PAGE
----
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Woman Category: Theater & Cinema
Pioneering film director, the only woman director during the “Golden Age” of Hollywood and the first woman to direct a sound film.
Born in San Francisco, California, and grew up in LA. Her parents owned a café in Hollywood that was a gathering place for many silent film stars and directors. After she graduated from Westlake School for Girls, she started to study medicine at the University of Southern California but quit after two years when it is not her destiny. At 22, she met to Lasky William DeMille, the director and co-founder of Famous Players-Lasky Corporation. Following this meeting, she spent a week exploring the different departments of the movie set and decided to become a director “because he was the one who told everyone else what to do.”
She worked her way up the ladder. Her first role was a stenographer, then a synopsis writer. Within a year, she got promoted to a script girl, and not long after, she became a film editor. At 25, after editing more than 50 films, Paramount Studio asked her to edit the film Blood and Sand, starring Rudolph Valentino. Her work on this film impressed the director James Cruze, who then employed her as the editor of his next four films. Over time, her ambitions to become a director grew, and Paramount assigned her as an assistant director. When she threatened to leave the studio to work for Columbia, Paramount offered her to direct a comedy film. At the age of 30, she debuted her first film – Fashions for Women. After directing three more silent films, she got to direct Paramount’s first talkie film – The Wild Party, making history by being the first woman to direct a talking movie. She continued to direct eleven more films for the studio before leaving to work as a freelance. She directed her most recognized films and launched the careers of various actresses, such as Katharine Hepburn, Lucille Ball, and Rosalind Russell. In her films, she examined the patriarchal systems and the expectations imposed upon women. She featured strong female characters and explored female relationships, marriage life, and balance of power between the sexes.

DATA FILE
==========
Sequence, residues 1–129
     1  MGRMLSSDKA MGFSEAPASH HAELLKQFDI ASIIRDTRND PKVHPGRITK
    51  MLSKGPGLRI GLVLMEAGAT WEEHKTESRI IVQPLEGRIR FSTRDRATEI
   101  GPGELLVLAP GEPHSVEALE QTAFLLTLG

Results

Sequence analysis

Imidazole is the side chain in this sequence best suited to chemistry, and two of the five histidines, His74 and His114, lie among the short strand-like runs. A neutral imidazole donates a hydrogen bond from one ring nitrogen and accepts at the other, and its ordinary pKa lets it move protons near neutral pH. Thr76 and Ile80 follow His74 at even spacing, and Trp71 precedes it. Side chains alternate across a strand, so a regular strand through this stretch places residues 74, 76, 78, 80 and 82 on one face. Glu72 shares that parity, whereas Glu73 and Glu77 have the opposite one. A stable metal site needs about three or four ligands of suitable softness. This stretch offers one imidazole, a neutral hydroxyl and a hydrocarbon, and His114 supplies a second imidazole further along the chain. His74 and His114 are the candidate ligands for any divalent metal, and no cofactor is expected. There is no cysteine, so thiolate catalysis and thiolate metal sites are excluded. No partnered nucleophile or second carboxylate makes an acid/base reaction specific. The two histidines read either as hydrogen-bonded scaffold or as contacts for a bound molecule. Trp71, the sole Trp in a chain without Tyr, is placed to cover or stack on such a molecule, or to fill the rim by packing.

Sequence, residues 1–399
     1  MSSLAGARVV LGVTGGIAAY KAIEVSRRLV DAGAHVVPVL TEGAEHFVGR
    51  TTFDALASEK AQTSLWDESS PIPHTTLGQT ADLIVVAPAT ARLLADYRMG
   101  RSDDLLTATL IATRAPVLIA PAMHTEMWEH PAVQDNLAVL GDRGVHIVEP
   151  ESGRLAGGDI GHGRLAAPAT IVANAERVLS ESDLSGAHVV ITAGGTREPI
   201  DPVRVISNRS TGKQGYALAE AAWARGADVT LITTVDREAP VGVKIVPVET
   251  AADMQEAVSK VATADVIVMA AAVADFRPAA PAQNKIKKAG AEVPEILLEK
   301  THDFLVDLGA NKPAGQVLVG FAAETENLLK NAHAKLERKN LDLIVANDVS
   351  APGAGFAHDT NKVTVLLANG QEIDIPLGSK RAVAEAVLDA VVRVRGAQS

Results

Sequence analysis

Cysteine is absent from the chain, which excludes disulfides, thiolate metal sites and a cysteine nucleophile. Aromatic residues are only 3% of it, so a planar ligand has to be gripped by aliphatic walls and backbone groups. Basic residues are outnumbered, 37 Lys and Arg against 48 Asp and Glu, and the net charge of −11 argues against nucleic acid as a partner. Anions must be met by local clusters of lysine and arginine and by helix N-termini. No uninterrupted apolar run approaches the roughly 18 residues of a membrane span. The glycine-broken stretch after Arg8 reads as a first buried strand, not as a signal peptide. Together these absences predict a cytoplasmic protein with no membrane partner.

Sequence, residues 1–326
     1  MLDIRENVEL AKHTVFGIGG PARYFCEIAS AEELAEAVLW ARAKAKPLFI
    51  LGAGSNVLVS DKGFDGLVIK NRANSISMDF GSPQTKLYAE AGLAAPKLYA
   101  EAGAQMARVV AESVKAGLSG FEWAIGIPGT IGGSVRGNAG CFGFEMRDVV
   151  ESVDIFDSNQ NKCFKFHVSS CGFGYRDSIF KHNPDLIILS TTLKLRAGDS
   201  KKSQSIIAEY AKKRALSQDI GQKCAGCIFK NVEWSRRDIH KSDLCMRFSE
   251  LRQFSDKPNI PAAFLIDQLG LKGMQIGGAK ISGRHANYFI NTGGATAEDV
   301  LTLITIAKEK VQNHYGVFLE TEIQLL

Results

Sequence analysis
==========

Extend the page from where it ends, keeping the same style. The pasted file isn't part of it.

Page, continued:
During WW2, she left Hollywood and began to direct training films for the Women’s Army Corps. Afterward, she worked on several documentary films and commercials and served as a consultant at Pepsi. In 1950 she founded the filmmaking program at the Pasadena Playhouse and was its first teacher. She also produced theater plays and starred in a radio program. At 64, she became a staff member of the UCLA School of Theater, Film, and Television and taught there for four years.
In her last years, she left LA and moved to the desert, where she lived until she passed away at 82. Throughout her career, she directed twenty films, and to this day, she is the female director with the largest body of work in Hollywood.
“Just let the picture stand on its own.”
“Just let the picture stand on its own.”
More Interesting Anecdotes:
- She was openly gay and had a forty years relationship with the choreographer and screenwriter Marion Morgan.
- She was known for her unconventional clothing style, wearing suits, and straight dresses.
- She refused to be classified as a women director or as a gay one, insisting on being referred just as a ‘director.’
- She was the first editor in Hollywood to be credited.
- During WW1, she served as an ambulance driver.
- During her 16 years in Hollywood, she was the only working female director.
- She was the first woman member at The Directors Guild of America.
- Jodie Foster raised funds for the preservation of her files and films at UCLA.
- Her films inspired the early feminist film criticism, and they are still discussed at gender studies.
- She has a star on the Hollywood Walk of Fame.
- Paramount’s Dressing Room building is named in her honor.
- The play “Camera, Woman” depicts the last day of her career.
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One of Her Landmarks
Arzner in 1927. Photo credit - LOC